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Ace Mentality: Kershaw, Sale, and Scherzer

What do the best of the best have in common?

By Owen McGrattanPublished 6 years ago 4 min read
(The Washington Times)

It’s been a wonderful year for Tier 1 pitchers. Clayton Kershaw, Chris Sale, and Max Scherzer are all seemingly at the top of their game — and they’re damn fun to watch.

When I write about players, I generally use a fair amount of stats to tell you how good a player has been doing. But you already know how good these guys are, and I don’t need numbers to tell you so.

But I will give you this:

(Data via Baseball Savant)

No starters have been better than these three at getting ahead of hitters and staying ahead.

For any of you who watch these guys pitch, you know they’re intense. They want it more than the batter every single pitch and they want to strike out every single batter. It’s a treat to watch and an intensity that makes these guys must watch TV. It’s one thing for these guys to own every batter but it's another thing to see them do it with so much conviction.

Exhibit A: Scherzer

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I’m sure you can pick out what he’s trying to say, and I hope you notice he’s talking to himself. There is hyping yourself up, and then there is Max Scherzer cursing out loud at himself in front of 40,000 people.

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And what would pitching intensity be if you weren’t constantly throwing max effort (turn volume up on video). There are many pitchers who grunt, but Scherzer has more intent in his grunts than just about anyone else. I feel like the grunt itself adds at least 1 MPH.

Exhibit B: Sale

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The tweet says it all. Sale went 8 1/3 IP with 10 K’s and 1 BB while giving up 3 ER. And unlike most starters who mask their emotions, Sale is yelling at himself when his team holds a five run lead. Yup, Sale was livid for not getting the final two outs of a game in which his team was leading by 5 runs. That’s a competitor.

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Watching Sale finish his pitch and climb right back on the mound, you see how he owns it. Blow it by ‘em, climb back up there, and do it again right away. He’s there to own you and pick you apart.

Exhibit C: Clayton Kershaw

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Clayton Kershaw has been the best pitcher in baseball for a good amount of time, and he still struggles to get calls from time to time. He doesn’t like that. The situation or the game? Well, it’s a game from 2017 and if you know anything about the 2017 Padres, you know that they were sure to be blown out by the Dodgers and they were (won 10–2). You could make the argument that the Dodgers would be better off skipping a Kershaw start against the Padres in favor of resting him and having any other starter go, but you know that Kershaw would react a little more dramatically than just jumping up and and giving a little yell. It says a lot that you already know how upset he’d be.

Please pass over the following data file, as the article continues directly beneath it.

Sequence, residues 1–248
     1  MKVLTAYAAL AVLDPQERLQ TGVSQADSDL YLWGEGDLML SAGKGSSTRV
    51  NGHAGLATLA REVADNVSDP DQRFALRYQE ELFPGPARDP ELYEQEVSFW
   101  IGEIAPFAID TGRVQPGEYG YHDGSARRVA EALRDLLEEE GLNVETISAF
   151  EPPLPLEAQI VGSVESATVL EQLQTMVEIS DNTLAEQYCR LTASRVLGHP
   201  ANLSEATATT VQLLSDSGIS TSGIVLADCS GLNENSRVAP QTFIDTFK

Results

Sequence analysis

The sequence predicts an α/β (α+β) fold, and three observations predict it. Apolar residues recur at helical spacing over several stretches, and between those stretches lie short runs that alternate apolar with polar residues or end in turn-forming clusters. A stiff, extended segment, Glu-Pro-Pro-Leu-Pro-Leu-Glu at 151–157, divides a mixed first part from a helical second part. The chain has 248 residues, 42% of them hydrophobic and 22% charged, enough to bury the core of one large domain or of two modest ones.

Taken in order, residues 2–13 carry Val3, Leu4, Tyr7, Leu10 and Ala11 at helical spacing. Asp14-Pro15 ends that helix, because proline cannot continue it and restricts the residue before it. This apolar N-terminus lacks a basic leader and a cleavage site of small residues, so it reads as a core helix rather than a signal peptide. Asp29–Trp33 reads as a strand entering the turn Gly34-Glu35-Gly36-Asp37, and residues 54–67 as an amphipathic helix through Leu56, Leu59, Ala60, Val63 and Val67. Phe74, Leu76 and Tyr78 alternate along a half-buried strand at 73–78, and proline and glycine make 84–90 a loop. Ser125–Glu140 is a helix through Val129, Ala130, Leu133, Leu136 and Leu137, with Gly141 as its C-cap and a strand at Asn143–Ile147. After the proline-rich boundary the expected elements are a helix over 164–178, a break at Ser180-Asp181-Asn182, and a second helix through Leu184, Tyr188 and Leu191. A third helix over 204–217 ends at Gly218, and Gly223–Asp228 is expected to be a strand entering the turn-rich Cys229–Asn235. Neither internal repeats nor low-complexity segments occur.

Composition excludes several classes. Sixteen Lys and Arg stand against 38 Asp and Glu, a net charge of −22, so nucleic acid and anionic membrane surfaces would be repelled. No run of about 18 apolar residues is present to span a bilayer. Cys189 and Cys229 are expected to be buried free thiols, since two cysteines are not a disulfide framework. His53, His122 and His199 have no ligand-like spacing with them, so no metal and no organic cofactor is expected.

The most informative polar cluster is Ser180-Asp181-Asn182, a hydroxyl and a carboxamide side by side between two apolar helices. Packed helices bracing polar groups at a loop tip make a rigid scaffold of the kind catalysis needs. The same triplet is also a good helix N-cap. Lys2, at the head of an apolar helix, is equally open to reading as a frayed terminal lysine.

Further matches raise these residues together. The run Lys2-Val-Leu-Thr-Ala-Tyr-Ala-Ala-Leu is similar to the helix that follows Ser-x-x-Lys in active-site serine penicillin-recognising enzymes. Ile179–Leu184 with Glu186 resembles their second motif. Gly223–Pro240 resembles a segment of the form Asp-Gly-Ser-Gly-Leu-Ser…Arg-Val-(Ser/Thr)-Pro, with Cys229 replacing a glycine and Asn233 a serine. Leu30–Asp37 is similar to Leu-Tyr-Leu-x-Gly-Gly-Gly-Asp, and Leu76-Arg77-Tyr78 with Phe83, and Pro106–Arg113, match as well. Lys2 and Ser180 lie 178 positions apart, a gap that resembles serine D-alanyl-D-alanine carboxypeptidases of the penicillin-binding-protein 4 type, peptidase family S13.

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Kershaw doesn’t just get mad about bad calls either. This is a guy who wants it and attacks hitters. How many times has Kershaw fallen 3–0 to hitter? Four times. Yes, that is the fewest in baseball amongst starters (min 1000 pitches). Kershaw doesn’t let you put him in a corner. Rather, he puts you in a corner by owning you with the same pitches he’s been throwing for nearly a decade.

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I’m afraid he might start hitting himself on the mound. I’m sure that Kershaw hates walking guys exponentially more than falling behind 3–0. Especially when Hunter Renfroe has a career 6.5% BB rate and Kershaw is running the fourth lowest walk rate amongst qualified starters this year. There’s a difference between normal anger and the anger Kershaw shows in this clip. Everyone knows Kershaw’s a professional, but issuing a walk was angering to the point where he couldn’t hold it in anymore. Does anyone really want to be that guy yelling in anger? No, but there are some things that’ll just make you lose it. Missing an important deadline, being stuck in traffic, getting fired, walking Hunter Renfroe in a 10–2 win. You know, the usual.

I love seeing intent in pitchers. Intent is such a huge part of execution. You have to want to throw hard, to strike everyone out, to dominate, and to get every single person out. I’m sure many pitchers have a good amount of intent in what they do. But how do the best of the best separate themselves? They want it and they want it more than everyone else.


About the Creator

Owen McGrattan

Writer @ The Unbalanced (@ItheunbalancedI).

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